- ECB signals rate hike next month, but attempts to keep some ‘wriggle room’.
- Less hawkish tone of ECB comments and non-threatening forecasts make markets less fearful about extent and pace tightening further out.
- Uncertainty about Greece clearly argues against comments or action that might unnerve markets.
- ECB rates may not reach 2% until early 2012 but markets may be too complacent in this view.
- Weak Irish inflation suggests ‘real’ rates much higher here than elsewhere in the Eurozone.
As expected, ECB President Jean Claude Trichet today signalled an intention to raise official interest rates at the ECB’s next policy meeting on July 7. Mr Trichet did repeat the usual mantra that the ECB never pre-commits at today’s press conference and said had a decision been taken today to raise rates in a month’s time that he would have said this explicitly. However, these comments are only intended to provide the ECB with some ‘wriggle room’ should there be an explosive deterioration in financial market conditions. By including in today’s opening press statement the well established code words ‘strong vigilance is warranted’, the ECB indicated a clear intention to raise its key policy rates next month in the absence of a severe escalation in financial market strains.
Market reaction surprisingly strong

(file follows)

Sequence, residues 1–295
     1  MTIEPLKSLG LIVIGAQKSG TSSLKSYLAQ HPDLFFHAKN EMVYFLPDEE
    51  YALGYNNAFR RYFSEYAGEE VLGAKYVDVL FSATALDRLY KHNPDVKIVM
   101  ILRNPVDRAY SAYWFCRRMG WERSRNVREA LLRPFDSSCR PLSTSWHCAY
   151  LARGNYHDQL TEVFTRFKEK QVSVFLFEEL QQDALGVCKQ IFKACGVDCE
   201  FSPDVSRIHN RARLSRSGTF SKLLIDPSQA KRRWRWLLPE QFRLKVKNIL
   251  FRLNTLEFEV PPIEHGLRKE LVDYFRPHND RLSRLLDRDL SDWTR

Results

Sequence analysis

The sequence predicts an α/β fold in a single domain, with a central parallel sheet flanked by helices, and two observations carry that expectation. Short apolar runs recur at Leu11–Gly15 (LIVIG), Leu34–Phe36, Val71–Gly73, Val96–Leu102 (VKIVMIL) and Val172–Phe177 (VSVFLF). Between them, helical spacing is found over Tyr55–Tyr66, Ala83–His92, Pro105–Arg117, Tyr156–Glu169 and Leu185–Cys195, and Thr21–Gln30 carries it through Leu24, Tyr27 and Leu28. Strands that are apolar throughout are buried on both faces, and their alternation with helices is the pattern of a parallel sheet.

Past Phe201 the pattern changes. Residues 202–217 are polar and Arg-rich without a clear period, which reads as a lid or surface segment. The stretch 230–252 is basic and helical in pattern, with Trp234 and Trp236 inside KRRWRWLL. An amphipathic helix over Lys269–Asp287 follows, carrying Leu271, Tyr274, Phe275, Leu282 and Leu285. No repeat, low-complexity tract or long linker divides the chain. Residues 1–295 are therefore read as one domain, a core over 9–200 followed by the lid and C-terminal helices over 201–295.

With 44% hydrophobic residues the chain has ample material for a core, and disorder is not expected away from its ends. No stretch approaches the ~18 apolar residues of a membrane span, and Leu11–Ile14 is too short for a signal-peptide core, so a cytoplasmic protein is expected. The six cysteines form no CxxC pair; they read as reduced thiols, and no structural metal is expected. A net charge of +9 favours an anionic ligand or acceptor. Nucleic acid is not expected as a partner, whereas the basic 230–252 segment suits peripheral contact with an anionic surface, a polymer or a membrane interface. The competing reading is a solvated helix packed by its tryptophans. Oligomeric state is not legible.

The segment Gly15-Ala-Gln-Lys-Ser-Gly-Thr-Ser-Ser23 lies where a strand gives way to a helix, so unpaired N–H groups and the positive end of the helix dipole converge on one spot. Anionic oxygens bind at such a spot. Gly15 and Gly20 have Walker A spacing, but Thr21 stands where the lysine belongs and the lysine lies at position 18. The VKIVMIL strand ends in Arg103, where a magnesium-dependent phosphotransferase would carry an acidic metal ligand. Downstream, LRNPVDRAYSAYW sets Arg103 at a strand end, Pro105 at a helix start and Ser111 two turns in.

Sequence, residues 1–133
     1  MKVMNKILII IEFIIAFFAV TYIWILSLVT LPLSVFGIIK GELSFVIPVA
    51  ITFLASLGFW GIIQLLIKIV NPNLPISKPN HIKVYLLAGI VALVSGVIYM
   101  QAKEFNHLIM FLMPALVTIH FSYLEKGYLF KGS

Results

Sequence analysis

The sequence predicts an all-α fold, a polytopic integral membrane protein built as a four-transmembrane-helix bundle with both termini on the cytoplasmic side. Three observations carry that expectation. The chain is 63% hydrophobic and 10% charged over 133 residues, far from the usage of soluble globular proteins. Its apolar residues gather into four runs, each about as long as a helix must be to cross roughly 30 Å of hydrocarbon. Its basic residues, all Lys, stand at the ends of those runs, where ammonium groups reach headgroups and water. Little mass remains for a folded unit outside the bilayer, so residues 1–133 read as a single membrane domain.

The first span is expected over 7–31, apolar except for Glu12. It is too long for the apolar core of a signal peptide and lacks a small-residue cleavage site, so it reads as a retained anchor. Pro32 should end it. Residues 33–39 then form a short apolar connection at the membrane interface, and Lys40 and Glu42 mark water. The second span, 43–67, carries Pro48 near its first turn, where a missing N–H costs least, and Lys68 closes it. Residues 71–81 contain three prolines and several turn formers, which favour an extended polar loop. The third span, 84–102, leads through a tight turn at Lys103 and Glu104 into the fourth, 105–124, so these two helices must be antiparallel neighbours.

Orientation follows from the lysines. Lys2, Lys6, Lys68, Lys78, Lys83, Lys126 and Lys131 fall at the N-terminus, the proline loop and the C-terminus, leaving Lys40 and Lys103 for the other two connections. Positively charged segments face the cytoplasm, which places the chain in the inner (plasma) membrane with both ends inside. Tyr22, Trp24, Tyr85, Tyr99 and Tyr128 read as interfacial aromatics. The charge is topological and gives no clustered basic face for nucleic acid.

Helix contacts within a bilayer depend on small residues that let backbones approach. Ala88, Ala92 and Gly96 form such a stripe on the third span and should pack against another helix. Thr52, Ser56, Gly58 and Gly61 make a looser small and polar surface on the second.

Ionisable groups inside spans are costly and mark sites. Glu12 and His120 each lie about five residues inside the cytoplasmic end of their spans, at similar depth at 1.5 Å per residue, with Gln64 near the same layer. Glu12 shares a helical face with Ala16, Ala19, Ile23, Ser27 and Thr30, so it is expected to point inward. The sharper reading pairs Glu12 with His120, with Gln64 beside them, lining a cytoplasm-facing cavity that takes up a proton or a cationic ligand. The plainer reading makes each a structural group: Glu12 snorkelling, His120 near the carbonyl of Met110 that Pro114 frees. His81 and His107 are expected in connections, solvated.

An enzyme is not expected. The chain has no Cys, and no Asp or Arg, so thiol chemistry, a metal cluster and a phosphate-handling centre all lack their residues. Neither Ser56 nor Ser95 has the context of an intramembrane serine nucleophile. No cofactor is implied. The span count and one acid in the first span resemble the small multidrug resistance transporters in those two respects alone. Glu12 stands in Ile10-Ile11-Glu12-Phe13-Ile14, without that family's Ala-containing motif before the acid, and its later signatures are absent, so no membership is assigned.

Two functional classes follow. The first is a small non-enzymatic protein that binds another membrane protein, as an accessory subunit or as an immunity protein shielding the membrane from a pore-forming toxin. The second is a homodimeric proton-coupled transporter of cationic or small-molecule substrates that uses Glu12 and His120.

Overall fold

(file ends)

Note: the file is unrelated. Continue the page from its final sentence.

The most notable feature of today’s ECB press conference was the market’s reaction to a number of subtle, minor changes that reduced concerns that an aggressive sequence of rate increases might lie ahead. It seems very clear that the ECB wanted to engineer a calm market response to today’s comments. Mr Trichet made determined efforts to avoid providing any guidance on how ECB policy might change after July. In this regard, he indicated that he was ‘not signalling any particular pace for the next decisions’. It remains the case that further rate rises lie ahead, but as Mario Draghi, Mr Trichet’s successor-in-waiting, noted earlier this week significant uncertainty at present ‘warrants an element of gradualism in changing standard and non-standard measures’.
New Staff projections: no big surprises
A sense that the ECB is not poised to raise rates aggressively would also be consistent with the picture emerging from the new ECB economic projections released today. As expected, the midpoint of the inflation forecast for 2011 has been raised from 2.3% to 2.6%. However, the forecast for 2012 has been left unchanged at 1.7%. Strictly speaking, this may hint at a slight deterioration in inflation trends next year compared to the previous projection because the comparison with rapidly rising inflation in 2011 might be expected to produce an easing in measured inflation in 2012.However, markets appear to have expected that the ECB would signal significant inflation concerns by nudging up the inflation projection for 2012 as well as 2011. Significantly, today’s ECB press statement added a comforting interpretation of the new projections by indicating ‘overall, the projections embody the view that the recent high rates of inflation do not lead to broader-based inflationary pressures in the Euro area’.
Please download full version of the report from Economy / Analyses section.